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# CSC148 Assignment #1

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CSC148, Assignment #1

From an early draft of his Canterbury tales, Chaucer removed an account of the pilgrims staying at Anne
Hoy’s1
inn, an establishment that served bad ale, but good cheese. The missing account explained how Anne
kept her high-quality cheese stacked on stools, the largest rounds underneath the smaller rounds, to stop
rats and mice from getting at them.
Occasionally the stool holding the cheese would need some maintenance (for example, the legs would
start to buckle under the weight), and Anne would shift the entire stack from one stool to another. Since
she could only move a single (hundred-pound plus) round of cheese at one time, and she refused to stack
a larger-diameter cheese round on a smaller one (the outer part of the larger cheese would droop) she used
three stools: one was her destination for her entire stack of cheese, one was the source (which likely needed
its legs reinforced), and the third was for intermediate stacking. Chaucer immortalized the complicated
routine Anne endured, lugging rounds of cheese from stool to stool as \The tour of Anne Hoy ” (TOAH).2
One of Chaucer’s pilgrims had a mathematical bent. She had seen a miraculous early draft of the
Wikipedia article on the Tower of Hanoi in a vision, and noticed that Anne’s routine for moving cheeses
was identical to the problem of moving rings between three posts. Using this similarity she calculated that
to move n cheeses in this way required 2n 1 moves. This disheartened Anne, who had plans to increase
her stack of cheese beyond the 8 she currently had. She decided to invest some of her pro ts in a fourth
stool.
Anne gured that she could do substantially better than 2n 1 moves using the following strategy:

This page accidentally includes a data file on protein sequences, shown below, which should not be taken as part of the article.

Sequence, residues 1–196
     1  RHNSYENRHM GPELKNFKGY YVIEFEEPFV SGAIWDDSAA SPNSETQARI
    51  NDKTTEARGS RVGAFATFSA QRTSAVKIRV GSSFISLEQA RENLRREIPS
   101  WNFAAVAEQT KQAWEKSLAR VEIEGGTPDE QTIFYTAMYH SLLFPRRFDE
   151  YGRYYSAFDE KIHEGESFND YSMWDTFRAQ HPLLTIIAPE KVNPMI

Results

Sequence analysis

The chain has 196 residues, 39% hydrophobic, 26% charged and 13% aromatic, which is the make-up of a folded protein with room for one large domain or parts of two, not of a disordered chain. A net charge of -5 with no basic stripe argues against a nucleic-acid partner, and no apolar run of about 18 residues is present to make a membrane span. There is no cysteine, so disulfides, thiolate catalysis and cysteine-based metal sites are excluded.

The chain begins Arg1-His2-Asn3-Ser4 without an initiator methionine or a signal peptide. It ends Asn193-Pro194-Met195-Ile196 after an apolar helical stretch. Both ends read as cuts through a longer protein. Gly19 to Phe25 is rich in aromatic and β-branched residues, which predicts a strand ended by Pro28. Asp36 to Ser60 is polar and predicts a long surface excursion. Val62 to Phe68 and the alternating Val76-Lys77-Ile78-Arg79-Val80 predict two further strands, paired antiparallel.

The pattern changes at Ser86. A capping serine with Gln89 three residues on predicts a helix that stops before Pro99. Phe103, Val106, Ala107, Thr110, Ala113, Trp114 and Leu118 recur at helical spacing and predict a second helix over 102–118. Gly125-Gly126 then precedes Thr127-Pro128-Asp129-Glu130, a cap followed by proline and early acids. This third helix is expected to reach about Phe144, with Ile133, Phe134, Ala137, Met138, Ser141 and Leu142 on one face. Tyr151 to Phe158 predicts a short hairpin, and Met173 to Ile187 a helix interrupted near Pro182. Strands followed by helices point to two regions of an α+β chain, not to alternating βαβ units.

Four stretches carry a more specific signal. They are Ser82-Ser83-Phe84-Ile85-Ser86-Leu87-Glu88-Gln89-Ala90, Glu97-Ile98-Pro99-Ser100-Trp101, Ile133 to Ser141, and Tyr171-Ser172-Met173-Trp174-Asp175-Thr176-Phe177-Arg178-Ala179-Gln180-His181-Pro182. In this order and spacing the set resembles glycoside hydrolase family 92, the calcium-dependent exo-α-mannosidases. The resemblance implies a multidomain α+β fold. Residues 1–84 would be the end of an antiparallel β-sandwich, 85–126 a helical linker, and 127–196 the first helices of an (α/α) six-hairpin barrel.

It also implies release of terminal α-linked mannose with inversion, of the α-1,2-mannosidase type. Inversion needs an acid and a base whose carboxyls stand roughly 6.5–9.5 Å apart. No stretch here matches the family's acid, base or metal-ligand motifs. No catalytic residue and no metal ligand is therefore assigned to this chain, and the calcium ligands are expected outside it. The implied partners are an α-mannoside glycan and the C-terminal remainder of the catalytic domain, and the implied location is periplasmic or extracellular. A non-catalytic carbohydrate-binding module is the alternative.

 For a stack of 1 cheese round, her four-stool con guration allowed her to move the stack in 1 move,
using her previous three-stool TOAH method.
 To move a stack of n > 1 cheese rounds from some origin stool to some destination stool, she reasoned
that she could think of some number i between 1 and n 1, and then:
1. Move n i cheese rounds to an intermediate stool using all four stools.
2. Move i cheese rounds from the origin stool to the destination stool, using the (now) only three
available stools and her TOAH method.
3. Move the n i smallest cheese rounds from the intermediate stool to the destination stool, using
all four stools
Notice that steps 1 and 3 require Anne to know how to move n i cheese rounds using four stools. Anne
gured this wasn’t a problem, since she could apply her recursive strategy to this smaller problem. She
presented her plan to the above-mentioned mathematically-inclined pilgrim who said that if she called the
minimum number of moves that her strategy needed to move n rounds of cheese M(n), and if some i between
1 and n 1 were chosen, then (reasoning recursively):
M(n) = (
1 n == 1
2 M(n i) + 2i 1 otherwise:
(1)
1
In Middle English her name would have been spelled Auyne H’Oeuil
2Chaucer conjectured Anne’s muttered \cheeses crust!” and \gentle jumping cheeses!” were veiled religious oaths, not
mundane references to cheese mainte

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